Ad Bands Parent Company Wins Unfair Competition Case Against Overseas Companies
The U.S. Commerce Department announced that it has made a preliminary ruling that imports of rubber bands from Asian markets like China and Thailand amount to dumping. This ruling stemmed from a petition filed this year by Alliance Rubber Co., Hot Springs, Ark., the parent company of Ad Bands Plus and the largest rubber band manufacturer in the U.S.
According to the Hot Springs Sentinel-Record, this is the company's second successful unfair competition case against Asian competitors this year.
It's important to note that the use of the word "dumping" here isn't the same as what many might think of in terms of waste management and pollution. It's more of the "dumping" of imports into the U.S. market at rates lower than market value, which damage the economy.
Due to the regulations, Chinese importers of rubber bands will have to pay a preliminary dumping rate of 27.27 percent. This rate applies to what Commerce called the "China-wide entity," as no companies adequately showed that they were eligible for the catch-all rate.
Affected companies in Thailand exporting rubber bands into the U.S. would pay a 5.86 percent rate.
"What we've seen over the last several years is that rubber band manufacturers in China and Thailand seem to receive some unfair competitive advantage over us due to subsidies and dumping, basically selling at less than fair value to the U.S. market" Jason Risner, business strategy director for Alliance, told the Sentinel-Record. "It cost us our ability to grow."
Risner added that since what he calls Alliance's "heyday," in the beginning of the last decade, employment and production levels are down. The breaking point was losing a major customer.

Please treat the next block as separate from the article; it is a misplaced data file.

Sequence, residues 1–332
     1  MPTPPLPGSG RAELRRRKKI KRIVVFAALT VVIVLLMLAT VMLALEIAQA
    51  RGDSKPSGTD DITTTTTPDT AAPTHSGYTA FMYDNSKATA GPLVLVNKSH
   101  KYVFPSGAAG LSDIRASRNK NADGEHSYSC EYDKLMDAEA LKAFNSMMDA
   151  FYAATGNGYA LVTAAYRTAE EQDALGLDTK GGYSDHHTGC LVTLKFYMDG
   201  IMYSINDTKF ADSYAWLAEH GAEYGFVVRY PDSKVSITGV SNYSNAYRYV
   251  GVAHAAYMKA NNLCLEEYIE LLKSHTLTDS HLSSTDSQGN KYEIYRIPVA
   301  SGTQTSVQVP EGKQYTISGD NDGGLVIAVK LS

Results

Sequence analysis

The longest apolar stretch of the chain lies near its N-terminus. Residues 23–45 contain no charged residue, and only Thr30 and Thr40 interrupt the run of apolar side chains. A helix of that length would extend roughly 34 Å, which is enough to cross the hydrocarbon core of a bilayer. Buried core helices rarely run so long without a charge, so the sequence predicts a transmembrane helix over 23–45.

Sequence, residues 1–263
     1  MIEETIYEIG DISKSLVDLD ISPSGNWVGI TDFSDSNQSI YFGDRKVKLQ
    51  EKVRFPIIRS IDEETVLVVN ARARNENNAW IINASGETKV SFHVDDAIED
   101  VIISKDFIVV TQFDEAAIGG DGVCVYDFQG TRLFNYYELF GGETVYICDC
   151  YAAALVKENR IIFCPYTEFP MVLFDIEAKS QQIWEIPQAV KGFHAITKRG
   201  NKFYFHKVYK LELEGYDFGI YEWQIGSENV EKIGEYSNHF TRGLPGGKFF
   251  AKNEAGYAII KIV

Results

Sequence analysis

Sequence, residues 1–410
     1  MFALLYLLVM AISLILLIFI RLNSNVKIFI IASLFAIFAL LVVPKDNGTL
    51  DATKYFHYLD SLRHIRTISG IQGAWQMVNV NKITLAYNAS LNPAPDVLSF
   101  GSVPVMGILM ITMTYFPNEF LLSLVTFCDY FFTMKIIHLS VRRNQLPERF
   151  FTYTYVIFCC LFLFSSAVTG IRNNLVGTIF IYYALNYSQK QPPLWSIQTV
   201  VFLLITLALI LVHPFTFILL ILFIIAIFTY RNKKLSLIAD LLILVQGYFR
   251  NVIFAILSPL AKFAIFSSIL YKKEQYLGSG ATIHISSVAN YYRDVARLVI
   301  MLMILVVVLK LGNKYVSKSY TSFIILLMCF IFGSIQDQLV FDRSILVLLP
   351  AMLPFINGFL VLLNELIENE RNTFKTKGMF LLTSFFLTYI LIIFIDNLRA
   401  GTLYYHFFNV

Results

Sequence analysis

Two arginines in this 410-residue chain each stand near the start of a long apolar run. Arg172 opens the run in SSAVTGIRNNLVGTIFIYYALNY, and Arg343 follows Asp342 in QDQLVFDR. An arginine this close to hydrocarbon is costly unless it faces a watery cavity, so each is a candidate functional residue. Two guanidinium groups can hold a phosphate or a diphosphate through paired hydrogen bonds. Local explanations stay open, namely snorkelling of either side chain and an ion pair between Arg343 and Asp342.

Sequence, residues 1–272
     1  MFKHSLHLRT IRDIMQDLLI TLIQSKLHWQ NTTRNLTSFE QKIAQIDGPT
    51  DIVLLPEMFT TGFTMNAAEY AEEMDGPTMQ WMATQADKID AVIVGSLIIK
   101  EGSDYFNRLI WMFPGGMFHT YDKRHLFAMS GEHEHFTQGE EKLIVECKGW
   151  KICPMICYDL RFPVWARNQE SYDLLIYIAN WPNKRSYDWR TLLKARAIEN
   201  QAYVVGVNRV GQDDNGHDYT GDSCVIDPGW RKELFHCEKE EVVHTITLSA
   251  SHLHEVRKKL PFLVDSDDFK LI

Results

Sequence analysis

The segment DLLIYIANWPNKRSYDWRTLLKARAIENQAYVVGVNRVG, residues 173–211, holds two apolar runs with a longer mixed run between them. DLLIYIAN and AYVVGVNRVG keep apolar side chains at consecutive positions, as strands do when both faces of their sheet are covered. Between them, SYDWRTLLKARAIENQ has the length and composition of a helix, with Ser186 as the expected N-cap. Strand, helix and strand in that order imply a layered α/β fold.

"This was kind of the straw that broke the camel's back," he said. "We not only lost them, we had a good idea of the price we lost them at. It was very, very apparent to us at that time that something fishy was going on. There was no way you could create a pound of rubber bands and sell them at the price that this big customer was able to get them at."
Last year, rubber band imports from Thailand totaled an estimated $12.1 million. Chinese imports totaled about $4.9 million. This new announcement comes shortly after the Commerce Department acted to place a 126 percent duty on Chinese rubber bands, as well as cash deposits on affected rubber band imports collected by Customs and Border Protection.
Risner called these deposits "kind of like a bond,"
"Companies that are importing will have to put up that 126 percent bond," he said. "Some companies are going to see a 6 percent dumping margin. They'll have to put that money up, and it will be held in a bond until the margins are finalized."
The finalization is contingent on Commerce employees going to China and Thailand and conducting audits of their rubber band manufacturers.